M Y O B

The Life and Times of Bruce Bramson

THE PORN REVOLUTION

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I INTERRUPT MY NARRATIVE …

… to discuss a matter of some importance to several large segments of our population: pornography.

I’m old enough to remember vividly the days when there was NO commercial porn. What porn there was consisted mostly of typewritten material, often second-and third- carbon-copies, occasionally with crude drawings included. A friend of mine had a HUGE collection of this stuff. Later, when the firm for which we both worked got a dry copier, he made Xerox copies in large quantities. Since he was the “key operator” for the machine, he got away with it for many months, until he left an “original” on the platen which someone else found. There was a bit of a dust-up, of course, but only a very few knew he was the perp, so he went on with it, being more careful! But I digress…

As I completed college, I found there were some magazines available here and there: these were not really pornographic in today’s sense of the word. There were no “dirty-book stores”: only a few magazine-stands would carry these off-color rags. One of these was a tiny (like, 5″ X 7″) black and white booklet called Tomorrow’s Man. It was mainly devoted to body-builders, posing (often oiled) in miniscule thongs and jock-straps. Penises were generally stuffed out of the way, which gave rise to the notion that most body-builders are not well hung. (The porn revolution has busted that myth!) Fizeek was another of these magazines, very similar in design and scope and there were several others.

Then there was AMG (Athletic Model Guild), in a slightly larger format, also black and white. This was produced in Southern California and appeared to contain mostly navy guys (”seafood”) earning a little extra cash (to buy booze and girls, of course). I suppose a collection of these magazines would be worth some money nowadays. In the early issues the boys were mostly dressed, usually shirtless, and showing some basket (sometimes enormous ones—I often suspected salamis had been substituted for the real thing). The intent of these photos was certainly to provoke a salacious reaction in the reader, and I suppose it was successful for some: but the other intent was to “push the envelope” and get porn main-streamed. As time went on, the guys wore less and less and various symbols (often scratched on the negatives) were used to indicate sexual preferences, physical statistics and so forth. It is difficult, now, to believe that to state (or even suggest) that someone was “gay” or -gasp- homosekshull, was forbidden! [When someone implied Liberace was homosexual, he sued (libel), and WON!] The cute stuff in AMG was all designed to avoid prosecution for distributing “obscene” material under a whole bunch of court rulings generally lumped together and called “obscenity laws”

TM eventually disappeared (a copy from 1954 was available recently for $95.00), but AMG pushed on pushing, their material becoming more prurient and occasionally in color. Then, in 1973, came “Miller v. California”, which, while not opening the flood-gates exactly, did make it obvious the definition of obscene was not an easy task. It gradually dawned on people in general and on the courts, that obscenity was as much “in the eye of the beholder” as in the producer: by this time, AMG was definitely obscene, and was to become far more-so before it folded.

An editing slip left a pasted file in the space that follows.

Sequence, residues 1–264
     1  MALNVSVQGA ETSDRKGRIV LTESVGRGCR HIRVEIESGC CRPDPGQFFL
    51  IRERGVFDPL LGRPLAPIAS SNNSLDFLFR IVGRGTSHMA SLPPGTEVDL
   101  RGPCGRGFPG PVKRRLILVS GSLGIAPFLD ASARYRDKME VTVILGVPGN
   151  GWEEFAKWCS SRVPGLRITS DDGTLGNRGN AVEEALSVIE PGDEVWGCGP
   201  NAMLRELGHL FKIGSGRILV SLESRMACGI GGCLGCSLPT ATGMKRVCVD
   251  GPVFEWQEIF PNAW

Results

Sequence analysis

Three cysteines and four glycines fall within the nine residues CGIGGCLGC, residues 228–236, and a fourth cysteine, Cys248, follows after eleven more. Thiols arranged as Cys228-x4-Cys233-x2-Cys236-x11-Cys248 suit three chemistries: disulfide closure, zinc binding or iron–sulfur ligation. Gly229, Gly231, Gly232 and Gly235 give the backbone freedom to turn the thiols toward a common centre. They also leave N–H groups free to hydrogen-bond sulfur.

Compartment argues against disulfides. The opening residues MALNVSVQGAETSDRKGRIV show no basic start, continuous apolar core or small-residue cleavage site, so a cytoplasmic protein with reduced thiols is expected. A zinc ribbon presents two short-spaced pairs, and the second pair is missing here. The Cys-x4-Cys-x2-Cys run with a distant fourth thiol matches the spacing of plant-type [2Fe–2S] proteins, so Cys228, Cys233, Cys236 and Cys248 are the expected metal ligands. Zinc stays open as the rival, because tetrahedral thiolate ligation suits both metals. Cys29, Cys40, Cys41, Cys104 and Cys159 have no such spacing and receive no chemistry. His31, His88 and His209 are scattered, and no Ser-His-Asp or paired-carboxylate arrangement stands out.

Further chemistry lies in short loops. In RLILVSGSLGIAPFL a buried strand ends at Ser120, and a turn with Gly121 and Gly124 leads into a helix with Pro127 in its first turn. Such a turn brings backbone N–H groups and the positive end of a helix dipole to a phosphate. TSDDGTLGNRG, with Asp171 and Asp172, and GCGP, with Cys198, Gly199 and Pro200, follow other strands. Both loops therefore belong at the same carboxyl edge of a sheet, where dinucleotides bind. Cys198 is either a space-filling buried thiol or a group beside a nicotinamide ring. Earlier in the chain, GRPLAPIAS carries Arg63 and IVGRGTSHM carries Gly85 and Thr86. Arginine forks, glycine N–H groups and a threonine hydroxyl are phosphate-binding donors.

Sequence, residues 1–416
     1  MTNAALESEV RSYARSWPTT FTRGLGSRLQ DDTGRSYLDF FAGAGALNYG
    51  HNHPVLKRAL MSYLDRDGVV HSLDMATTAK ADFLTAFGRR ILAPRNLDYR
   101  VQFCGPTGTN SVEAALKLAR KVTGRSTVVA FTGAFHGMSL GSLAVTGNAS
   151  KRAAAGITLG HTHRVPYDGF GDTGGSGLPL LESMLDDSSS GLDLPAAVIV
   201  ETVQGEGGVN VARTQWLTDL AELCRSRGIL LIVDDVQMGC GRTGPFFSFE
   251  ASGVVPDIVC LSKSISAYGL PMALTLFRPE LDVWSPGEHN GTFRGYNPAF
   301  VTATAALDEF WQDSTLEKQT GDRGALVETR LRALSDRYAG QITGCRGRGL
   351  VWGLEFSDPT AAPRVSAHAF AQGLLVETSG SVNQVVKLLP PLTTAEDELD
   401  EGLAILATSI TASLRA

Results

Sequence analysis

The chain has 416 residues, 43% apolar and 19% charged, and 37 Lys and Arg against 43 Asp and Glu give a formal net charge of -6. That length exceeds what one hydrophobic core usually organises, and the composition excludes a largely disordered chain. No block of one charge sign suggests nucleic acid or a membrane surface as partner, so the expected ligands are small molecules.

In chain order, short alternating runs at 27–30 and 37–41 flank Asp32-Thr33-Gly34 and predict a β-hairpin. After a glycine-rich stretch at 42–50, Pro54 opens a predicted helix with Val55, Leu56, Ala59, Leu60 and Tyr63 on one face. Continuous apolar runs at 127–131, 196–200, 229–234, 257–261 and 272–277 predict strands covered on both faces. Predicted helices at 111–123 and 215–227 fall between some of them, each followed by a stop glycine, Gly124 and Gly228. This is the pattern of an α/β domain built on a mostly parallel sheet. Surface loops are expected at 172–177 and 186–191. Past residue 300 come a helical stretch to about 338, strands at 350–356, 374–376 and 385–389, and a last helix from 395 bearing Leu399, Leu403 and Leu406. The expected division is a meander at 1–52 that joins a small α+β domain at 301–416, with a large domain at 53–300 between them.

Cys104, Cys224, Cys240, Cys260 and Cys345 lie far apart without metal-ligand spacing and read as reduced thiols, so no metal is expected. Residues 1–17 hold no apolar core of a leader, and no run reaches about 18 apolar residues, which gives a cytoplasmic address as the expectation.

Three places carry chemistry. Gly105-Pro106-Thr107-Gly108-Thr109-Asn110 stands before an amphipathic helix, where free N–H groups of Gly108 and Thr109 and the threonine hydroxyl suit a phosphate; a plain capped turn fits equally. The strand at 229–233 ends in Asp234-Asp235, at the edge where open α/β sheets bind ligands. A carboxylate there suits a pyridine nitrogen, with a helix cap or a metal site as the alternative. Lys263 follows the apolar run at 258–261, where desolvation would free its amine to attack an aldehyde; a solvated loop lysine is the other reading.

However, from the 70’s on, pornography “took off”. Large-format magazines that had kept the air-brushes busy removing “lumps” began including explicit (and occasionally real) hard-ons: the air-brushes went to work enhancing rather that deleting! With the useful addition of “adult” bookstores where all this stuff could be displayed and sold, the pornography market exploded. Specialty-subject mags appeared, including kiddie-porn, which as quickly as it appeared was legislated out of existence. My favorite title of the “niche rags” was Stump, and I leave it to my readers to imagine its contents!

Professional pornographers were quick to exploit technology: even amateurs quickly saw the possibilities of the Polaroid camera! I had a neighbor in the early 50’s who took photos of every hard-on he could find (he’s immortalized in Piece on Earth at Nifty). Prior to that, all porno had been produced on conventional film, an expensive and laborious process given that one had to find places to develop film that would NOT call the cops if they found a hard-on (or worse). The advent of the electronic camera for production (professional and otherwise), and the internet (for distribution) has radically changed the whole “porno” scene. Kids growing up today have this phenomenal wealth of porn available if they want it, and the ready means to produce and distribute it themselves if so inclined:  and they do, as I’m sure my readers know.

It’s all pretty amazing stuff for old farts like me who have watched it all unfold.  My own career, such as it is, writing “fuck stories” began in 1987 with First and Second Cousins: it has been on Nifty practically from its inception.

PeeYes: I’m also old enough to remember that the Nifty (gay) Archive was originally accumulated by someone at Cornell University: whether student or faculty I’ve never known. Its original URL ended in cornell.edu! I suppose someone eventually discovered it and forced it off-site! But it still exists here and contains thousands of original gay stories; many are fine examples of “one-handed-reading”.

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Written by Bruce

December 12th, 2009 at 11:28 pm

Posted in Early Years

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